A significant majority of voters are considering voting against President Barack Obama in the 2012 election, expressing sour views of his new health care law and deep skepticism about his ability to create jobs and grow the sluggish economy, according to the latest POLITICO/George Washington University Battleground Poll.
Only 38 percent of respondents said Obama deserves to be reelected, even though a majority of voters hold a favorable view of him on a personal level. Forty-four percent said they will vote to oust him, and 13 percent said they will consider voting for someone else.
It’s Obama’s policies that are hurting him right now. By a 13-point margin, voters are down on the health care law. In an especially troubling sign, more than half of self-identified independents — 54 percent — have an unfavorable opinion of the law, compared with just 38 percent who have a favorable opinion.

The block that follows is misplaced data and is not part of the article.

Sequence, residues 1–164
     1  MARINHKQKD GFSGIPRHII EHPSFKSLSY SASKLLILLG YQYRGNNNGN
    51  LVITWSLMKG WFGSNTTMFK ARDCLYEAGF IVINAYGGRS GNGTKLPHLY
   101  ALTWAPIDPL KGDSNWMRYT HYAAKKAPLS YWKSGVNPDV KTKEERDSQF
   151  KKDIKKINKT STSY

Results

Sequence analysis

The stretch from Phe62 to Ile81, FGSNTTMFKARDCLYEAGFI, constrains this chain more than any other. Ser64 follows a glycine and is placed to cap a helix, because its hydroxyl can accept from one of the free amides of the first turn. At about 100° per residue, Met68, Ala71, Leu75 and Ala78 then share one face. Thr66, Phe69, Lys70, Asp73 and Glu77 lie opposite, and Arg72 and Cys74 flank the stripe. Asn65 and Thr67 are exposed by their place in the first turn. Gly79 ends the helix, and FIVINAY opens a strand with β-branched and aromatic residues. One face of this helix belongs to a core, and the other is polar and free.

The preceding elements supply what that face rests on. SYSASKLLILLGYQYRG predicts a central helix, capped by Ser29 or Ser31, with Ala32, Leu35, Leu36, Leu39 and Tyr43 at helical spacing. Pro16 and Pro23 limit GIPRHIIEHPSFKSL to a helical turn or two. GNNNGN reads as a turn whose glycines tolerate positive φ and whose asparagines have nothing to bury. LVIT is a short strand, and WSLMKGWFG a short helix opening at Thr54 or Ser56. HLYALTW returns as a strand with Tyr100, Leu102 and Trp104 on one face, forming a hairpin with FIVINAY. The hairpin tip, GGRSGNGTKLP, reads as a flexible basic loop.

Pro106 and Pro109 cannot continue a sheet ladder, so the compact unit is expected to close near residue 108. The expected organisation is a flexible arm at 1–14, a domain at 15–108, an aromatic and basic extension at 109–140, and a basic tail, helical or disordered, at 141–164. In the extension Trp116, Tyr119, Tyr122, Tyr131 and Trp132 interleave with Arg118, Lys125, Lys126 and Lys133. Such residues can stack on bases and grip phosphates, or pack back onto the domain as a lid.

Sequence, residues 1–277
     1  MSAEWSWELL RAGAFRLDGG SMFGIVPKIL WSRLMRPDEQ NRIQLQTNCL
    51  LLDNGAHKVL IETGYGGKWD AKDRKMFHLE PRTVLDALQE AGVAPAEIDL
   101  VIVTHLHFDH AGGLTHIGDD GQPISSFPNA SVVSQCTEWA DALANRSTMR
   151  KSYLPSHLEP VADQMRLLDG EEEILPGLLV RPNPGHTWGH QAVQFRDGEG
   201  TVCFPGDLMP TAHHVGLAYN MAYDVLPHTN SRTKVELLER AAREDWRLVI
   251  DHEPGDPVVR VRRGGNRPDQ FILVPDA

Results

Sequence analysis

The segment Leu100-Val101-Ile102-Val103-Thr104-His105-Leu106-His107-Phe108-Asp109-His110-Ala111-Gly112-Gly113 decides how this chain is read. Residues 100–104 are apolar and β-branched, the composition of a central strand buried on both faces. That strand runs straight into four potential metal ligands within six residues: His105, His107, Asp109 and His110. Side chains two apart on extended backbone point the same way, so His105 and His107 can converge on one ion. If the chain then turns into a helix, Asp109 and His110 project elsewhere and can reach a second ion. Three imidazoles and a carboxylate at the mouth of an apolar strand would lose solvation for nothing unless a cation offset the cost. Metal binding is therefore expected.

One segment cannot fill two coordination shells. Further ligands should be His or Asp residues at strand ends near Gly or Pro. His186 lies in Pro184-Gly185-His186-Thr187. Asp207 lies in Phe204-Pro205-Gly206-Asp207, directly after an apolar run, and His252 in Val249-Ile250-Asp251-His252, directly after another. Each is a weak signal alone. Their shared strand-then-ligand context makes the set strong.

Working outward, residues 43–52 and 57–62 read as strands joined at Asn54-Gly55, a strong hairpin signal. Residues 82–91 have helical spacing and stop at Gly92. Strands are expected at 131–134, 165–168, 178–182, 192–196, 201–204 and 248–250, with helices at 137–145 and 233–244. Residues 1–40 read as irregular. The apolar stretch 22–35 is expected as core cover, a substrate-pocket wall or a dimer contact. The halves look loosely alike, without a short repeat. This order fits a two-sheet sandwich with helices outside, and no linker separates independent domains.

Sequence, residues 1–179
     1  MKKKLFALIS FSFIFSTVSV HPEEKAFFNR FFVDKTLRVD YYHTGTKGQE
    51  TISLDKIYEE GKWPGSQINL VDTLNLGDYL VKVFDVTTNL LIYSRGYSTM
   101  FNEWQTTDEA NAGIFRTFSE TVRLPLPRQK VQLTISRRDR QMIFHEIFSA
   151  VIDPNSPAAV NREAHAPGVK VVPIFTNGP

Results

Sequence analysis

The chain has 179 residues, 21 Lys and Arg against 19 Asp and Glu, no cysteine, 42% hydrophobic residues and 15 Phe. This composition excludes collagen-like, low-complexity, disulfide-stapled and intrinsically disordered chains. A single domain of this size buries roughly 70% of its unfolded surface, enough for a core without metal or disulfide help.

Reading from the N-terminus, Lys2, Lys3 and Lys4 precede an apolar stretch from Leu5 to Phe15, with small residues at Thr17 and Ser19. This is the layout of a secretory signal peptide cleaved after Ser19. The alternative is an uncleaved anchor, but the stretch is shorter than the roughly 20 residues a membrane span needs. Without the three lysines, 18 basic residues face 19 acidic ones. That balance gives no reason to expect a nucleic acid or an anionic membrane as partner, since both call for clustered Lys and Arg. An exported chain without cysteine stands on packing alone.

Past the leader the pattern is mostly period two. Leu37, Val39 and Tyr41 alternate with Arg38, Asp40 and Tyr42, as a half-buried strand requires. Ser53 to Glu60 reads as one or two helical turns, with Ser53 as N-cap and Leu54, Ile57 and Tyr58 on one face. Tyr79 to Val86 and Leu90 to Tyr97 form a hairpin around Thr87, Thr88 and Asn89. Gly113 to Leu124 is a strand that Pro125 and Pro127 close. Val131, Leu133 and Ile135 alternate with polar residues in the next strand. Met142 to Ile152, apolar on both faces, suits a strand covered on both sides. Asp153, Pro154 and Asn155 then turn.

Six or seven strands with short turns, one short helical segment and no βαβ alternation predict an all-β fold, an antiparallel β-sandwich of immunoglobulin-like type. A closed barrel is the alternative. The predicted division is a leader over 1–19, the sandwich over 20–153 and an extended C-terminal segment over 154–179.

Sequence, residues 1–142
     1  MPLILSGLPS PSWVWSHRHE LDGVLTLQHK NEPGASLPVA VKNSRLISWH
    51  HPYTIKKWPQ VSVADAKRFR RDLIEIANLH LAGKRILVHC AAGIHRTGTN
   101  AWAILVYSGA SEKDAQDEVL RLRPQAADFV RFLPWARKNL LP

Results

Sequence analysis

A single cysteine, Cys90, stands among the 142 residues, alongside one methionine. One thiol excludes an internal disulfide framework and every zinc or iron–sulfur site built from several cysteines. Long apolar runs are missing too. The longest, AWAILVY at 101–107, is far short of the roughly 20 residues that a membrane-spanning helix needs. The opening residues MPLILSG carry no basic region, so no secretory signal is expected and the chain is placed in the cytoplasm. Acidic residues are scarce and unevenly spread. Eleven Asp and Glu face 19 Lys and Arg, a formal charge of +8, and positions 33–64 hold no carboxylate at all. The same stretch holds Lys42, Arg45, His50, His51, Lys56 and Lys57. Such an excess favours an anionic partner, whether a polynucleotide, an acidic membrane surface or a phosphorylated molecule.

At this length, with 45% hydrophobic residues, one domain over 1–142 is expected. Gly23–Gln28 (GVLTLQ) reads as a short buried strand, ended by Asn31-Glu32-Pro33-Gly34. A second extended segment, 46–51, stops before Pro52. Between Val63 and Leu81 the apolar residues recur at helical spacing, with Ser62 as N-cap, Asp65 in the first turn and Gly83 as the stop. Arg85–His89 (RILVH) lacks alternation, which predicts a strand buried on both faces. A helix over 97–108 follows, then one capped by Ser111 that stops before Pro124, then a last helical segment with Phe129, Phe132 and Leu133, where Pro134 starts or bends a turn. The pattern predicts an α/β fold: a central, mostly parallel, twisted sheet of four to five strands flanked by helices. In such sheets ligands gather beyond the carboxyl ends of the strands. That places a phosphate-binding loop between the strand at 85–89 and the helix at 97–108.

And by an 11-point margin, voters trust congressional Republicans to create jobs more than Obama. His approval rating stands at 46 percent, according to the poll of 1,000 likely voters, conducted Sept. 19 to Sept. 22.
The tea party movement, which has emerged as the biggest threat to Democrats’ dominance of Washington, is viewed favorably by 43 percent of respondents, compared with 35 percent who view it unfavorably.
Perceptions of the grass-roots activists vary widely by region: In the Northeast, nearly half — 47 percent — have a negative view of the movement, suggesting it could prove to be a drag on GOP candidates in a region where the party has bottomed out in recent years.
But in the eight-state Mountain West region, more than half — 53 percent — have a favorable view of the tea party movement, which could prove helpful to prominent tea-party-backed Senate nominees in Nevada and Colorado.